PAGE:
Soon after this action, the troops renewed their march to Concord, where they divided into parties, and went directly to the several places where the province stores were deposited. Each party was supposed to have a Tory pilot. 2 One body went into the jail yard, and spiked and otherwise damaged the cannon belonging to the province, and broke and set fire to the carriages. They then entered a store and rolled out about a hundred barrels of flour, which they unheaded, and emptied about forty into the river. 3 Some took possession of the town-house, which was soon after discovered to be on fire, but which was extinguished without much damage. Another party took possession of the North Bridge. About one hundred and fifty of the militia, who had mustered upon the alarm, coming towards the bridge, were fired upon by the troops, and two were killed upon the spot. Thus did “the troops of Britain’s king fire first at two several times upon his loyal American subjects, and put a period to ten lives before one gun was fired upon them! Our people then returned the fire, and obliged the troops to retreat, who were soon joined by their other parties, but finding they were still pursued, the whole body moved back to Lexington, both troops and militia firing as they went.

During this time an express was sent to General Gage, who despatched a reinforcement under the command of Earl Percy, with two field-pieces. Upon the arrival of this reinforcement at Lexington, just as the retreating party had reached there, they made a stand, picking up their dead, took all the carriages they could find, and put their wounded thereon. Others of them–to their eternal disgrace be it spoken–were robbing and setting houses on fire, and discharging their cannon at the meeting-house.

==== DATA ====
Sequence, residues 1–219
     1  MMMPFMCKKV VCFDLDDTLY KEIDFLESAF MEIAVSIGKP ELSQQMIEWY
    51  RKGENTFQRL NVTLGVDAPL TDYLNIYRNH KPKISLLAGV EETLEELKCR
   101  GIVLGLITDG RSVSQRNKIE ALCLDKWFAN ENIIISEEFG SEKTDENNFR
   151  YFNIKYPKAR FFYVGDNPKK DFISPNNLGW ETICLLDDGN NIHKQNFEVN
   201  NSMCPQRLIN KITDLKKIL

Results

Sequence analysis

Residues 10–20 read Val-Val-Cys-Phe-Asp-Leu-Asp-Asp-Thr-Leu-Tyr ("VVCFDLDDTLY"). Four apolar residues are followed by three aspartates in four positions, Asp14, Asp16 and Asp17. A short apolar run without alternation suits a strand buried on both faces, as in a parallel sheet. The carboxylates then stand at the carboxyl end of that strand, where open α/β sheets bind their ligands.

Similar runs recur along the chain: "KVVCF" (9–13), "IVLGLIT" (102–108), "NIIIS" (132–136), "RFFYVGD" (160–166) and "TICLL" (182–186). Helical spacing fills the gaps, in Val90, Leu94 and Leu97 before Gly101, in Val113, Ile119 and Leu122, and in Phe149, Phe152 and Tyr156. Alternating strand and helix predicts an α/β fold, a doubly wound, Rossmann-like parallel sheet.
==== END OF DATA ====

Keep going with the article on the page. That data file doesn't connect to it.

“While this was transacting a party of the militia at Menotomy, 4 attacked a party of twelve of the enemy, who were carrying stores and provisions, killed one of them and took possession of their arms and stores, without any loss.

The troops having halted about an hour at Lexington, found it necessary to make a second retreat, carrying with them many of their dead and wounded. This they continued from Lexington to Charlestown, with great precipitation, the militia closely following them, firing till they reached Charlestown Neck, where they arrived a little after sunset. 5 Passing over the Neck the enemy proceeded up Bunker Hill and encamped for the night. 6